Francesca Bignasci

  3. Alex Palffy says:

    I also wrote about the intersection of medical anthropology and clinical treatment and I agree with your post about how an anthropologist can enhance medical treatment and better the understanding of a patient. However, the more I read about this the more I see this “need” for medical anthropologists being created because of how doctors are forced to treat patients nowadays. If physicians had more time with a patient, they could acquire the same knowledge from the patient that a medical anthropologist can. In this day and age, it’s unfortunately not very cost-effective for a physician to see a patient for more than 15 minutes (and not all of that is necessarily spent with the patient one-on-one). I imagine that for physical therapists they would have an easier time filling that role of “medical anthropologist” since so much of their time is spent directly with a patient. The mentality of a medical anthropologist is one that all healthcare professionals should embrace. The motivation to find understand in a particular case is a byproduct of compassion and genuine interest in a patient’s wellbeing. Unfortunately, those of us who go into one of these fields with the best intentions (at least according to our personal statements) are falling into an environment that doesn’t lend itself well to compassionate care.

  4. Aaron Schmidt says:

    I think it is interesting that an anthropologist may find problems with a patient’s healthcare in things other than just cultural differences. I like the example of the HIV positive man who couldn’t bring his child to an appointment. Healthcare providers need to evaluate patients and speak to them individually to find their specific circumstances. They may have an ethnic background where one would assume they are of a certain culture, but they could just be having socioeconomic problems, as was the case for the HIV positive man. I think the explanatory model approach would be best in a clinical setting. The six steps of this interview would tell a healthcare provider how the person is dealing with an illness, and what the patient’s background and culture are. This will help the healthcare provider develop therapy that fits the individual person. Another thing to consider with all cultures, even our western culture, is religion. There are many religions, some that we might not understand or believe, that will change how we treat a patient. For example, a patient might believe that drugs are unnatural or that they are a sin. In this case, we can’t just see the patient, prescribe the drugs they need, and leave. An anthropological approach would allow us to find out what they believe in, and what their experience with their illness is. From that, we could develop a treatment without medication, such as diet and exercise. The thing we need to realize in healthcare is that everyone is unique. We can’t assume someone from one ethnic group is from a certain culture until we get to know their story and experience, and then we can deliver adequate healthcare.

  5. Danielle Gittleman says:

    I also wrote about the clinical approach, mostly because I would like to be a physician in a clinical setting. I, too, work in an office where I believe an anthropologist on staff could be of a lot of help. I work at an orthopedic office and because most of the doctors I work for are surgeons, they have to make an extra effort to make sure that our patients know that their practice isn’t all about the cut. I believe that this is actually because our world is starting to become less drastic in treatment for certain fields of medicine, orthopedics included. This is a cultural change that doctors these days have to take into consideration when finding the best possible treatment for their patients. The article that you found seems very interesting and the connection you made about doctors who travel to other countries to work is a valid one. It is an incredibly important trait to be able to work around the culture you are surrounded by. I think that that aspect of medicine is often overlooked and that it why it is so important to have anthropologists around to make sure others are aware of how the community sees medicine in the area these doctors practice.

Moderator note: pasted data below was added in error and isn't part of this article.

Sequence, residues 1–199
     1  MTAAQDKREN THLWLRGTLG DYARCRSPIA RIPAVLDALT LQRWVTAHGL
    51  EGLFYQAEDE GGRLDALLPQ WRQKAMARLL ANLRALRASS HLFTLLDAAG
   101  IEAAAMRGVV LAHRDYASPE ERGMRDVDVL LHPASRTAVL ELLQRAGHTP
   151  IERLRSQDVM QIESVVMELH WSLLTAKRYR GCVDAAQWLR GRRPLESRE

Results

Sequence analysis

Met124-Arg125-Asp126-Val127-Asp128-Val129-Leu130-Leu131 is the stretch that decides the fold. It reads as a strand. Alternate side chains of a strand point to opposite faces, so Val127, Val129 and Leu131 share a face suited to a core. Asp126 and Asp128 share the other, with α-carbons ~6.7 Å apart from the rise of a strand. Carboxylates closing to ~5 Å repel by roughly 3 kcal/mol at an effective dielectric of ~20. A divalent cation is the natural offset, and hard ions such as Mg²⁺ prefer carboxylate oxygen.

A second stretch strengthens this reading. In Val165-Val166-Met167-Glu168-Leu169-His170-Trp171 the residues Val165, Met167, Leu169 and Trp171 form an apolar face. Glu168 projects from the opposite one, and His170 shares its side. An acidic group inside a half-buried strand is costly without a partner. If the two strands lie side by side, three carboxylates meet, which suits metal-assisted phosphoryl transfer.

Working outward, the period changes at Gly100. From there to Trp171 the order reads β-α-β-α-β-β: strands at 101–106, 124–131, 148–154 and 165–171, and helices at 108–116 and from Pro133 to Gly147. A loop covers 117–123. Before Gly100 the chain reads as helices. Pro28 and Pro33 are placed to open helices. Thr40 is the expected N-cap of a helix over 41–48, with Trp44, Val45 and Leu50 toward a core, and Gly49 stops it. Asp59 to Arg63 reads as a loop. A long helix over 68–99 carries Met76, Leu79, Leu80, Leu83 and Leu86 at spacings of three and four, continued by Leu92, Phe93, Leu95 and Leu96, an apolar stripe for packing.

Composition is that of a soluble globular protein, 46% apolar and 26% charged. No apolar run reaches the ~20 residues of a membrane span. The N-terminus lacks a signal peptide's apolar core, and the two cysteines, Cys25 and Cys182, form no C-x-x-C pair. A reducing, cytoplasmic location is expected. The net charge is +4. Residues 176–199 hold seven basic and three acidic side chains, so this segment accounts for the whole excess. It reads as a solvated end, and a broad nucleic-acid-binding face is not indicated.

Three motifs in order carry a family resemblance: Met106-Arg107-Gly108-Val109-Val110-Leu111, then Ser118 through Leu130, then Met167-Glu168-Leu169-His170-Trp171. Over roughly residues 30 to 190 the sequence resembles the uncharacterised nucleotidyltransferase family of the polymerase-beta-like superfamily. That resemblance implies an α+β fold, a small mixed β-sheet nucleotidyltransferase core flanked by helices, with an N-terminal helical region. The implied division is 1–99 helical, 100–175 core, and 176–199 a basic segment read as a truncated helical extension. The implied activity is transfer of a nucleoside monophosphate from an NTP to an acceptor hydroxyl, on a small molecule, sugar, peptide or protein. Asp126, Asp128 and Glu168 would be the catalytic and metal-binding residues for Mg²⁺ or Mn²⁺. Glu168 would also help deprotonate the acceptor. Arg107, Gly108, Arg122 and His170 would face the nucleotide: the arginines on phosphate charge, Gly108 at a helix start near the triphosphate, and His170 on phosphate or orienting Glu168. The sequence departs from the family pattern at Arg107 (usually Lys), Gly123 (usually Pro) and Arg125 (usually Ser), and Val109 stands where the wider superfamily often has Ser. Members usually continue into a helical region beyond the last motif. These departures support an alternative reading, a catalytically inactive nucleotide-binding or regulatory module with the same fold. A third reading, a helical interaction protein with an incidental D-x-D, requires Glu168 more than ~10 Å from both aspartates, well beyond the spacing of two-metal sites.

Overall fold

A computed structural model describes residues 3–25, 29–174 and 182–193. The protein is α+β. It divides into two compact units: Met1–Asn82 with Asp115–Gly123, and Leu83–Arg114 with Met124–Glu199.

6. Thuy-Tien Giap says:

    Hi Rej,

    I agree that medical anthropologist’s work is important, as evidenced by your story of the HIV positive man. Without knowing the real reason for why the father couldn’t take his son to his checkups, the health care professionals deemed him as a non competence father. It was a good thing that through anthropologists, his real life story was unfolded. With his socioeconomic status revealed, and him being a single father who tried to support himself and his son, it was difficult for his to perform his fatherly duties. However, once we have understood his situation, we can arrange a social worker who could give this man a hand. I agree with you that its important to understand the father’s culture in order to provide him and his son the best medical treatment. I think that a medical anthropologist should help advocate on behalf of the man. The anthropologist could ask the doctor to grant him a rest permission from his employer, because being a victim of HIV, the man requires rest. In order to protect himself, and those around him, I think it’s important that he receives a personal nurse who would tend him since he’s in critical condition.